You should balance your vision for the business against the practical realities of your current position. You need to take into account the implications of any changes, such as increased investment in capital and other resources. A strategic plan needs to be realistically achievable.
Getting started with strategic planning
As with any business activity, the strategic planning process itself needs to be carefully managed. Responsibilities and resources need to be assigned to the right people and you need to keep on top of the process.
Who to involve
Try to find people who show the kind of analytical skills that successful strategic planning depends upon. Try to find a mix of creative thinkers and those with a solid grasp of operational detail.
Don't try to do it all yourself.
Take on board the opinions of other staff - key employees, accountants, department heads, board members - and those of external stakeholders, including customers, clients, advisers and consultants.
How to structure the process
There is no right or wrong way to plan the process of strategic planning, but be clear in advance about how you intend to proceed. Everyone involved should know what is expected of them and when.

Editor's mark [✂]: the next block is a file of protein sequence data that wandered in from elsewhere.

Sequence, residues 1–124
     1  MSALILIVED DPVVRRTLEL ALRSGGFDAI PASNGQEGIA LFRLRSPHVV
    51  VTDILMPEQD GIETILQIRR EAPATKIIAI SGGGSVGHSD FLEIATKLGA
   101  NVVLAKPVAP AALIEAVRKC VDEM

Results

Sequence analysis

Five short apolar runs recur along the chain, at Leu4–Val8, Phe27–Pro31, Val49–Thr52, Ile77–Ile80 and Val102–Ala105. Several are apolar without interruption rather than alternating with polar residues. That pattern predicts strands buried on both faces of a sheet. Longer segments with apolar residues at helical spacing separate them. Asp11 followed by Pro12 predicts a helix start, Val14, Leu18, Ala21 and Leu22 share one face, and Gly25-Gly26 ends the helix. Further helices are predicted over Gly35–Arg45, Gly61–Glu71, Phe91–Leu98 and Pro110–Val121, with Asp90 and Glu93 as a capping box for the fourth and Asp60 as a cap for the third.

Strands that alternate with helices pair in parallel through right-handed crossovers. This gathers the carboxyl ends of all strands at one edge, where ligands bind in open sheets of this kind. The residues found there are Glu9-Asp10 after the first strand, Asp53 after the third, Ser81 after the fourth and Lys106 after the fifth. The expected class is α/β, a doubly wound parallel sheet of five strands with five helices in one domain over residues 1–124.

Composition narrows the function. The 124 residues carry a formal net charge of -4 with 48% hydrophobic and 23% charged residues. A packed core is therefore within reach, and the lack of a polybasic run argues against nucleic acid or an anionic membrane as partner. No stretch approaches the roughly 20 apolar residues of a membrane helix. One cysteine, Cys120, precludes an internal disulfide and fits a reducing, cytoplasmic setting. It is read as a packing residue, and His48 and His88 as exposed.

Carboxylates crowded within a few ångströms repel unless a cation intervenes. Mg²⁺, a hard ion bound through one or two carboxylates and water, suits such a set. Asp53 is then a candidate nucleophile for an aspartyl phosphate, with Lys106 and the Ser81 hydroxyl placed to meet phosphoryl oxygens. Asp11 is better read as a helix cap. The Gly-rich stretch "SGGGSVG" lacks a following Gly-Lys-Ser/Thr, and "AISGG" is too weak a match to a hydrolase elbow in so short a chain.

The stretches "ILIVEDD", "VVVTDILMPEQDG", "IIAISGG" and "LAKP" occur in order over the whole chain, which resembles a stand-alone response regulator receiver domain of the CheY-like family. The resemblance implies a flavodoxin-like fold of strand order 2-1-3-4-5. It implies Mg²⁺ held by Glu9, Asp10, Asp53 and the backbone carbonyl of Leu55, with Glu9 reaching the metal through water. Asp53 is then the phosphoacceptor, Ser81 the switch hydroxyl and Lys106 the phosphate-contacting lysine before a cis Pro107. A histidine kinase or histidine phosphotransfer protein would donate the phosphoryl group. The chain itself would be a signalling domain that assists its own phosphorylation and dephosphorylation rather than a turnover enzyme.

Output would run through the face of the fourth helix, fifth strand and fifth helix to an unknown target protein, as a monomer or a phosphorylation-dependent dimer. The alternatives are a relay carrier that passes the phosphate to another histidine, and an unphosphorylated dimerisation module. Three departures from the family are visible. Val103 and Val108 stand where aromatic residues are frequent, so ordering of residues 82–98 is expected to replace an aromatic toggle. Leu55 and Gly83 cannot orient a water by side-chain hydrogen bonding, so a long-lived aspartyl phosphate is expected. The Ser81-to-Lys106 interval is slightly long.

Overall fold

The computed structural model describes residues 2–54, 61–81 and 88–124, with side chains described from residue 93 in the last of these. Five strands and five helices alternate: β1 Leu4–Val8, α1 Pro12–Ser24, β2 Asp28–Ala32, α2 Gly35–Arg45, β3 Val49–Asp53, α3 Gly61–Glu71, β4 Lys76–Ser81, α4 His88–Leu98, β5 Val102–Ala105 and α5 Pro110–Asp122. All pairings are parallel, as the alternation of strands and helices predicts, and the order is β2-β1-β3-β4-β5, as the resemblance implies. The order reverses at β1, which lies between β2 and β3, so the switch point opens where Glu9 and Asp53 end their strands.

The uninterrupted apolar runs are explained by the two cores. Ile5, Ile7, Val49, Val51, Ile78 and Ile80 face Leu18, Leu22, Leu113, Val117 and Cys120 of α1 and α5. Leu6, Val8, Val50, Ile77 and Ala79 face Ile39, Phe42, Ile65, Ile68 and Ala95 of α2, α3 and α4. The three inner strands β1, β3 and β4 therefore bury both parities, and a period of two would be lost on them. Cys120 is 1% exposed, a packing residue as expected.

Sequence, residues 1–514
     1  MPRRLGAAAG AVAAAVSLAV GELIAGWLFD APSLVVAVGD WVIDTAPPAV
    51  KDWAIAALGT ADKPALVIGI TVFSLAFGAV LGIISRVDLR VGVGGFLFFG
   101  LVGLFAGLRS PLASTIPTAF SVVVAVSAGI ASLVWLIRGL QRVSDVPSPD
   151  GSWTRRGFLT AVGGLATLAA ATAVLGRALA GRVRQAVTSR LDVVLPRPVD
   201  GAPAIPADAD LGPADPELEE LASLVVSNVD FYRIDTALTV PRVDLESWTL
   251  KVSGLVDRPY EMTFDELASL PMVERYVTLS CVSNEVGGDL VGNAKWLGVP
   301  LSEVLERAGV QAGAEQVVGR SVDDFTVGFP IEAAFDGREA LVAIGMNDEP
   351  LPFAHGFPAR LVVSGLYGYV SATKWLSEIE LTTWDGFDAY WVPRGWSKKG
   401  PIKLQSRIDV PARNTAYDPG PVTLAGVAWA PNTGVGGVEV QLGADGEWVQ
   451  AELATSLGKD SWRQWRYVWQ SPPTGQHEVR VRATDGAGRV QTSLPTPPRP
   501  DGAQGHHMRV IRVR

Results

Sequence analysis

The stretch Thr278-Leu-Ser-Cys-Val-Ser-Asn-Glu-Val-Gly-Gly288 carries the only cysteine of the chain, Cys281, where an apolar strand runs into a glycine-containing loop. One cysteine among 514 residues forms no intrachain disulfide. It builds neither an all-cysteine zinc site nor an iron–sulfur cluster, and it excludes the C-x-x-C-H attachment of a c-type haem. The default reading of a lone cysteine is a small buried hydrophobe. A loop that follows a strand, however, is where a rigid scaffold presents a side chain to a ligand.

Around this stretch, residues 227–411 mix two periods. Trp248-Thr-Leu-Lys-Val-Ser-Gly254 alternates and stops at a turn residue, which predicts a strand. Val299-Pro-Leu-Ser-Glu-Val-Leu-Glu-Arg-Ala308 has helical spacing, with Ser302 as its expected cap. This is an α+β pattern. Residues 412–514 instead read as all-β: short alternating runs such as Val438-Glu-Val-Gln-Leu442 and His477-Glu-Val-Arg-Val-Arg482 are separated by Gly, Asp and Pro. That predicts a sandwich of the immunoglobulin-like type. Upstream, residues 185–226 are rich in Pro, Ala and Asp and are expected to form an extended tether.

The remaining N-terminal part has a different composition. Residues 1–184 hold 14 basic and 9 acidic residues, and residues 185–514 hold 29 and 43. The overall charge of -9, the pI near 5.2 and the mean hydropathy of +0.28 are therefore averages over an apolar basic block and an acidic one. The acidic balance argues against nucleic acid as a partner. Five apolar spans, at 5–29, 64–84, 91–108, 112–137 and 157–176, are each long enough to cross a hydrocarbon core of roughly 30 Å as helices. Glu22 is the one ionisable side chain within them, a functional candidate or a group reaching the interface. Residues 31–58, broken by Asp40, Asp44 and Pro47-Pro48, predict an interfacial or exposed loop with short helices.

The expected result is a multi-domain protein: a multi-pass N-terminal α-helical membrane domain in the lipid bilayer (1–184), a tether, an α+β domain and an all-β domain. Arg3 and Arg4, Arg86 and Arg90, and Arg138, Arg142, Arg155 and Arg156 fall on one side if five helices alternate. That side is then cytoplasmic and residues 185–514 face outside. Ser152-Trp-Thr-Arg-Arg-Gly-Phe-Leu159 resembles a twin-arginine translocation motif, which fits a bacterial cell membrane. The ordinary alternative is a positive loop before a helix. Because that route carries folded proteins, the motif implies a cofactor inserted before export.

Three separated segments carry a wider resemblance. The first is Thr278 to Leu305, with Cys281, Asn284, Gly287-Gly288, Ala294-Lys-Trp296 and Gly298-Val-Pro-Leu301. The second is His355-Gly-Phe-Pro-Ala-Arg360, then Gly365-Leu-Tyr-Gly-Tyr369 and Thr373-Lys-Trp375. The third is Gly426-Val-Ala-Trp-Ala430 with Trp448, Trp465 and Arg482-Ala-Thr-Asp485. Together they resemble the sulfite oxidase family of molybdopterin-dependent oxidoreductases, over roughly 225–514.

Consider holding a series of weekly meetings/workshops with a strategy team before delegating the drafting of a strategy document to one of its members. Or you might decide to hold strategy brainstorming sessions - which might involve seeking contributions from a broader range of employees and even key customers.
Getting the planning document right
It's important to get the process right. But don't neglect the outcome - it's also important to make sure you capture the results in a strategic planning document that communicates clearly to everyone in your business what your top-level objectives are. Such a document should:
- reflect the consensus of those involved in drafting it
- be supported by key decision-makers, notably owners and investors
- be acceptable to other stakeholders, such as your employees
Build your plan on solid strategic analysis
Strategic planning is about positioning your business as effectively as possible in the marketplace. So you need to make sure that you conduct a thorough analysis of both your business and your market.
There are a range of strategic models that you can use to help you structure your analysis.
A SWOT analysis identifies the internal and external factors that are favourable and unfavourable to achieving a business goal:
- Strengths - attributes of the business that can help achieve the objective
- Weaknesses - attributes of the business that could be obstructive to achieving the objective
- Opportunities - external factors that could be helpful in achieving the objective
- Threats - external factors that could be obstructive to achieving the objective
PESTLE breaks the business environment down into the following components:
- Political - e.g. changes to taxation, trading relationships or grant support for businesses